"I became fascinated with the nature of scientific discovery as an undergraduate at TCU, and the interest has remained to this day. My dissertation work at CMU focused on Bacon, an AI system that rediscovered numeric laws from the history of physics. Herbert Simon served as my advisor and contributed many ideas to the effort. Gary Bradshaw and I extended the system to handle additional laws, including ones from the history of chemistry. After Jan Zytkow joined our group, we developed new systems (Stahl and Dalton) that dealt with the discovery of qualitative laws and structural models. This CMU work forms the basis of my early publications on scientific discovery...."
Extracting refined rules from knowledge-based neural networks, G. Towell & J. Shavlik, Machine Learning 13 (1), 71-101, 1993.
Knowledge-based artificial neural networks, G. Towell & J. Shavlik, Artificial Intelligence 70 (1-2), 119-165, 1994.
Creating advice-taking reinforcement learners, R. Maclin & J. Shavlik, Machine Learning 22 (1), 251-281, 1995.
Knowledge-based support vector machine classifiers, G. Fung, O. Mangasarian, & J. Shavlik, Advances in Neural Information Processing Systems 15, 521-528, 2002.
Historical note: "The idea of robots playing soccer was first mentioned by Professor Alan Mackworth (University of British Columbia, Canada) in a paper entitled 'On Seeing Robots' presented at VI-92, 1992. and later published in a book Computer Vision: System, Theory, and Applications, pages 1-13, World Scientific Press, Singapore, 1993. A series of papers on the Dynamo robot soccer project was published by his group. Independently, a group of Japanese researchers organized a Workshop on Grand Challenges in Artificial Intelligence in October, 1992 in Tokyo, discussing possible grand challenge problems. This workshop led to a serious discussions of using the game of soccer for promoting science and technology."---from A Brief History of RoboCup.
Computer scientist and AI pioneer EDWARD A. FEIGENBAUM has partnered with Stanford Libraries to make his personal papers available online, including more than 16,500 notes, scientific development documents, correspondence, Artificial Intelligence Lab memos, audio tapes and videos.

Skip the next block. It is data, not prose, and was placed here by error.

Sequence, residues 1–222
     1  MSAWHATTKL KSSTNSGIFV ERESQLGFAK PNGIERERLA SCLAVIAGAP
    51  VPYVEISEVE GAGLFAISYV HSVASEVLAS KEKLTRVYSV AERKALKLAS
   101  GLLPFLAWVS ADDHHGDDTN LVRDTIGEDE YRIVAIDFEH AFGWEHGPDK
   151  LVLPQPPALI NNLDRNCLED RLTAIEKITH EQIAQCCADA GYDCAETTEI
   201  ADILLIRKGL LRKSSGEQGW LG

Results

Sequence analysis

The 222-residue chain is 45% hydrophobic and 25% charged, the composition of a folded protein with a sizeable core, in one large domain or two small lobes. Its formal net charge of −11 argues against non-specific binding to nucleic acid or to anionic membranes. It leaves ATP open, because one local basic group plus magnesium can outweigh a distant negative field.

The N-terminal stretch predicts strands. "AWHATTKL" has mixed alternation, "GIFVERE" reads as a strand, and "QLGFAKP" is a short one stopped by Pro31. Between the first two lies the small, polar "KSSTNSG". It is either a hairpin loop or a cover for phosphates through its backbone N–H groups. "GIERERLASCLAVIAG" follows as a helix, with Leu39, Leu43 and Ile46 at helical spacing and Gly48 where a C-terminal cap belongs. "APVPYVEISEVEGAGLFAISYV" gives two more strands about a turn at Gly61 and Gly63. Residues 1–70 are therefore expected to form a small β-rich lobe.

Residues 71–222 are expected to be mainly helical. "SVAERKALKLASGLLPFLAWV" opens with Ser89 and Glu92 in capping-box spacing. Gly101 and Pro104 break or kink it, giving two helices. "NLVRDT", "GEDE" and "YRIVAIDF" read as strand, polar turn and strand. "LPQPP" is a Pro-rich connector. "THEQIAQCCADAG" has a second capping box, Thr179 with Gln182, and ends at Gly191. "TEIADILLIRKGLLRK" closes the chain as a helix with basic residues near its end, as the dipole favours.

Marvin Minsky, who combined a scientist’s thirst for knowledge with a philosopher’s quest for truth as a pioneering explorer of artificial intelligence, work that helped inspire the creation of the personal computer and the Internet, died on Sunday night [Jan. 24, 2016] in Boston. He was 88.
In November 1963 -- a half century before the arrival of Google's robocars and Amazon's Kiva factory minions -- Charles Rosen dreamed up the world's first mobile "automaton. " Rosen, a researcher at the Stanford Research Institute in Menlo Park, California, envisioned a roboperson driven by neural networks, algorithms that mimic the human brain.
Every two years, IEEE Intelligent Systems acknowledges and celebrates 10 young stars in the field of AI as "AI's 10 to Watch." These accomplished researchers have all completed their doctoral work in the past five years. Despite being relatively junior in their career, each one has made impressive research contributions and had an impact in the literature — and in some cases, in real-world applications as well.
Brief summary of Joshua Lederberg's contributions to science. Shown at the presentation of the Morris F. Collin Award to Lederberg by the American College of Medical Informatics, 1999. Includes short interviews with Edward Feigenbaum, Don Lindberg, Tom Rindfleisch, Carl Djerassi, and Ted Shortliffe.
Report from the Moore School of Electrical Engineering, University of Pennsylvania
Also available in the ACM Digital Library
A program is described that accepts natural
language input and makes inferences from it and paraphrases
of it . The Conceptual Dependency framework is the basis of
thi s system.
The studies reported here have been concerned with the programming of a digital computer to behave in a way which, if done by human beings oranimals, would be described as involving the process of learning. Whilethis is not the place to dwell on the importance of machine-learning procedures,or to discourse on the philosophical aspects,1 there is obviously avery large amount of work, now done by people, which is quite trivial inits demands on the intellect but does, nevertheless, involve some learning.
Also in Computers and Thought. Feigenbaum, Edward A. and Julian Feldman (Editors) 1963.